Faced with the dilemma of varying browser capabilities, web designers have developed a variety of design approaches, some more extreme than others. The "correct" way to handle a particular site, of course, depends on its use and audience, but this section should provide a peek into the different positions in the ongoing debate over where to draw the line.
One way to make sure your pages are accessible to everyone is to stick with the safest HTML standard (such as HTML 3.2) and shun any extras. That way your pages are sure to work on all browsers, including Lynx and Version 2.0 of the popular browsers.
Another minority, at the other end of the spectrum, are the web developers who design only for the most current version of popular browsers (as of this writing, Netscape 6.0 and Internet Explorer 5.5), with little concern for site performance for other users. The statement "Tell them to upgrade -- it's free !" has often been used in defense of this design tactic. Beyond this, there are even designers who design for only the most current version of one particular browser or platform. This may be perfectly appropriate for intranet design in organizations that have standardized on a particular version of a single browser, but in general, it's unrealistic.
This approach has the obvious disadvantage of alienating a significant percentage of the audience. If the functionality of a site depends on a specific trick -- for example, if you can't get off the front page without DHTML support -- then your site has problems communicating. On the positive side, these designers tend to be the ones who forge new territories and put new technologies to the test. Creating exciting sites that depend on cutting-edge features does create an incentive for users to keep themselves up-to-date. Unfortunately, in many cases, upgrading is out of the control of the end user.
The trick is to code your page such that it degrades well for older or more simple browsers. Simply being careful about always adding alternative text for images with the ALT attribute will make a web page more functional for Lynx users. When tables are used, they can be constructed so they read logically when scanned by a text-only browser.
Once working pages are developed using Version 4.0 technologies (while keeping an eye on performance on older browsers), the site can be embellished using the latest techniques and tricks. For instance, it is possible to create a page that looks just fine for all browsers but also takes advantage of Cascading Style Sheets for those browsers that can use them. It doesn't hurt the other browsers; the up-to-date users just get something extra. The same goes for DHTML tricks. They're fine as long as they're not used to carry the crucial message or functionality of the site. Think of these things as icing on the cake.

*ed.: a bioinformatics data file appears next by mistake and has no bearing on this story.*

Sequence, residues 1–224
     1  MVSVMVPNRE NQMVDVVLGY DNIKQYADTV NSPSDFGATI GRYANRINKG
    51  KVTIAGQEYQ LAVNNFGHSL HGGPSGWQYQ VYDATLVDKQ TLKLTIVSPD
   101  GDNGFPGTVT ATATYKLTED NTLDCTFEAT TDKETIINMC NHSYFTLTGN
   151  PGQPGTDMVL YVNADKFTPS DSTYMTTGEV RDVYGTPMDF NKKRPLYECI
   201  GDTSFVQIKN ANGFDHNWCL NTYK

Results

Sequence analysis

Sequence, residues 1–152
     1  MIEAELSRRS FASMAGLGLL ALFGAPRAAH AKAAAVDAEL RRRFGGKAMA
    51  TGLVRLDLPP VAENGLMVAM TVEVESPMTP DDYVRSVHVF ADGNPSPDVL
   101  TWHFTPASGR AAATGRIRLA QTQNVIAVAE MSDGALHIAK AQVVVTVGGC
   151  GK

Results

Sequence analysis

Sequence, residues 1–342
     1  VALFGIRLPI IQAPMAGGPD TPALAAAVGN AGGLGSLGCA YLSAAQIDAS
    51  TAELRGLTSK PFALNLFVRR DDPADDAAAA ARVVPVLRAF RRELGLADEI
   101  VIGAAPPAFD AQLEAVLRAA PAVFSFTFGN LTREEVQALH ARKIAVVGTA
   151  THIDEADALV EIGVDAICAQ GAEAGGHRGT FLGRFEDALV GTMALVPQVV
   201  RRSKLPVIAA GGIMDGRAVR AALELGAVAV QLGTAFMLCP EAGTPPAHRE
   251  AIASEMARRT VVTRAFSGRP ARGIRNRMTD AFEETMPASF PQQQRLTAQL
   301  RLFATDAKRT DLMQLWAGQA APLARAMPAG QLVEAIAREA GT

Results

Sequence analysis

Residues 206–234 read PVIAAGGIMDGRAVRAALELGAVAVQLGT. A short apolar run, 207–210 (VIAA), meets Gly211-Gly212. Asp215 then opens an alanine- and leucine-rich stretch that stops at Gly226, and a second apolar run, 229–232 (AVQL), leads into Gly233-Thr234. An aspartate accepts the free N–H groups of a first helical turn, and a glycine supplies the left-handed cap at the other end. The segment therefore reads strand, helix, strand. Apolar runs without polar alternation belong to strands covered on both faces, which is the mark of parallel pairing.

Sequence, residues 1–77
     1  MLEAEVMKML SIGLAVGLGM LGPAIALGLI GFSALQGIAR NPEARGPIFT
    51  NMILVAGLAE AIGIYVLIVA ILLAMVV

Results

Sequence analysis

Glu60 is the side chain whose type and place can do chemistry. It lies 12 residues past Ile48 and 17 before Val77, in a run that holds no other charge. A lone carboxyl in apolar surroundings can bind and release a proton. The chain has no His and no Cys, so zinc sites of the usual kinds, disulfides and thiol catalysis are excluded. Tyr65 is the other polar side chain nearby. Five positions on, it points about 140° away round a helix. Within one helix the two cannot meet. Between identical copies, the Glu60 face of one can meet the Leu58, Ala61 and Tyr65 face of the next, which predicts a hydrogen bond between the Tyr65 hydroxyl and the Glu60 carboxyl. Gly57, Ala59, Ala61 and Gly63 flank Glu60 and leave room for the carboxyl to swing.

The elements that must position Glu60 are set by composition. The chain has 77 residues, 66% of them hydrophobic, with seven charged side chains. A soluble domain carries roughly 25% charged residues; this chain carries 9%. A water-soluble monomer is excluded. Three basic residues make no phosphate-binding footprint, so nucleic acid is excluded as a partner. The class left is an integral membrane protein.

By being mindful of how well elements degrade, you can construct pages that wow 'em on the current browsers but don't drive users away if they're using an earlier version.
Some sites allow their users to decide which version they'd like to see. It's not uncommon to arrive at a site and be asked to choose between a souped-up version or a text-only version, or to choose frames/no-frames or Flash/no Flash. This puts the control in the hands of the viewer.
Of course, this approach takes a bit more time and technical know-how, but it has its rewards.
Whether you are designing with particular browsers in mind or with the goal of reaching the widest browser audience possible, the good news is that there are tools that can help you. The latest web authoring tools, such as Macromedia Dreamweaver and Adobe GoLive, have functions that ensure that your code will work with your preferred browsers. They give you a good head start toward creating HTML properly for your intended audience.
Dreamweaver 4.0 has a "Check Target Browser" feature that checks your HTML (but, unfortunately, not scripts) against a list of browser profiles to see if any tags or attributes are unsupported and then generates a report with its findings. Go to Macromedia's site (http://www.macromedia.com) to download browser profile updates as new browsers are released. To take some of the guesswork out of browser support for scripting, Dreamweaver allows you to set a target browser, to which it responds by limiting the behaviors you can select to just those supported in that browser. There are also built-in functions for doing browser detection.
Similarly, Adobe GoLive lets you define a set of browsers you want to support and automatically lets you know if it finds HTML tags or attributes that are not supported. Select the set of browsers you want to support using the Browser Sets option under the Source category in the Preferences dialog box. In fact, GoLive has a Web Database feature that lists all the HTML tags and their browser-support information. You can also select a target browser when adding scripts to your page and use the Browser Switch icon to detect the browser version and serve the appropriate script.
Copyright © 2002 O'Reilly & Associates. All rights reserved.